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PO-2826-Excessive Background Checks Conducted on Prospective Jurors: A Special Investigation Report

File #  PI09-3 and PI09-4
Institution/HIC  Ministry of the Attorney General and Ministry of Community Safety and Correctional Services
Summary

TABLE OF CONTENTS

COMMISSIONER’S MESSAGE

EXECUTIVE SUMMARY

CHAPTER 1.0 BACKGROUND

CHAPTER 2.0 METHODOLOGY

CHAPTER 3.0 CRIMINAL JURY SYSTEM IN CANADA

CHAPTER 4.0 CRIMINAL JURY SYSTEM IN ONTARIO

CHAPTER 5.0 BACKGROUND CHECKS ON PROSPECTIVE JURORS: LAW AND PRACTICE

CHAPTER 6.0 RESULTS OF THE INVESTIGATION

CHAPTER 7.0 LEGAL ISSUES ARISING FROM THE INVESTIGATION

CHAPTER 8.0 LEGAL ANALYSIS AND CONCLUSIONS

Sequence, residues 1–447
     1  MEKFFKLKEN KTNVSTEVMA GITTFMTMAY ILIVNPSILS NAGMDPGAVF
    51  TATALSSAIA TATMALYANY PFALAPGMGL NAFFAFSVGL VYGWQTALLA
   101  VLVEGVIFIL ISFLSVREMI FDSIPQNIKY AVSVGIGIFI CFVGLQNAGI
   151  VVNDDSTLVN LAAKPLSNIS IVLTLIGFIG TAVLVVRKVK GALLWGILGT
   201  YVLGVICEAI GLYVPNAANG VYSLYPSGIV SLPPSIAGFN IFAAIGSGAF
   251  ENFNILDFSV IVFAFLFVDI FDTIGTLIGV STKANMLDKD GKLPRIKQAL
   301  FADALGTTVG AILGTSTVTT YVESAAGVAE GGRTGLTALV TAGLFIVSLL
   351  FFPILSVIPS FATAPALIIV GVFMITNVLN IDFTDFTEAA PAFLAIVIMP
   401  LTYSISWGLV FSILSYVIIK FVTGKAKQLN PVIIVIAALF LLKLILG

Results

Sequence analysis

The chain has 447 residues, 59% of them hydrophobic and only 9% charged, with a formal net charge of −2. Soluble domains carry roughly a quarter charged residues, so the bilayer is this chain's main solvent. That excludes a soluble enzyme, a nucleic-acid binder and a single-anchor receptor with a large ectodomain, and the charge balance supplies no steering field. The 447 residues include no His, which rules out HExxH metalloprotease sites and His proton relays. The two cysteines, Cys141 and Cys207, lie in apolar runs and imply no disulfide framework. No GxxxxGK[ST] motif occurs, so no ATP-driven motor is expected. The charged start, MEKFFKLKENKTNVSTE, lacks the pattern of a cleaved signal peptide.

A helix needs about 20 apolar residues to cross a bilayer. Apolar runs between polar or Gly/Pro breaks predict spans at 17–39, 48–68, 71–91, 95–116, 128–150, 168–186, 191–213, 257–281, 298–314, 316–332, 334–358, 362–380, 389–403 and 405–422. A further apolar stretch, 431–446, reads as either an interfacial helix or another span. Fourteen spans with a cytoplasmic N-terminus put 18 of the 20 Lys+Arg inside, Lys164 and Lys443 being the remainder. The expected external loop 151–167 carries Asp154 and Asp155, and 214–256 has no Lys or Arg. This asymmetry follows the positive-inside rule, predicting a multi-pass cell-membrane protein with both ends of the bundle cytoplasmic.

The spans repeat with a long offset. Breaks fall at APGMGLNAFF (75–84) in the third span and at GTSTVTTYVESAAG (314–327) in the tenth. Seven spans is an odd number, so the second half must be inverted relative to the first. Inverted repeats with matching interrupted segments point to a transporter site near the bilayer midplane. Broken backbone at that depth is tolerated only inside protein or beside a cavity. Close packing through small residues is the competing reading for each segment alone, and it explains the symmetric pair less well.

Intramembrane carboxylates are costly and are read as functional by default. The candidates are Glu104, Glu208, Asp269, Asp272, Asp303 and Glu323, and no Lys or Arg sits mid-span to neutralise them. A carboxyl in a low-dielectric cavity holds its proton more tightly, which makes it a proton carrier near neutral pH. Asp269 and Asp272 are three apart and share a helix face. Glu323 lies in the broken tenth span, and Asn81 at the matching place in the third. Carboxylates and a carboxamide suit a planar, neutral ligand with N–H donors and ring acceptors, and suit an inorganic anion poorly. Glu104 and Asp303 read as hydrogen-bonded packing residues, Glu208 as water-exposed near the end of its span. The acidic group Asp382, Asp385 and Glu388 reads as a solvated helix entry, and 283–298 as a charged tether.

CHAPTER 9.0 SUMMARY OF RESULTS OF THE INVESTIGATION

CHAPTER 10.0 THE ORDER

CHAPTER 11.0 RECOMMENDATIONS

APPENDICES:

  1. IPC’s Formal Empirical Survey of Crown Attorney Offices
  2. Sample Sworn Affidavit from a Regional Director of Crown Operations
  3. MAG Practice Memorandum No. 17 - March 31, 2006
  4. MAG Direction and Reminder - May 26, 2009
  5. OPP Commissioner Memorandum and News Release - June 10, 2009
  6. Excerpts from the Canada Criminal Code
  7. Excerpts from the Ontario Juries Act and Regulation
  8. Sample Juror Qualification Questionnaire under the Juries Act
  9. Mock Vetted Jury Panel List
  10. Chart of Jury Selection in Jurisdictions across Canada

GLOSSARY


Related Documents

Order Summary:
  • Excessive background checks conducted on prospective jurors.
  • Section 2(1) (personal information) – the information contained in jury roll lists, jury panel lists, and additional background information about prospective jurors provided by the police qualifies as “personal information”.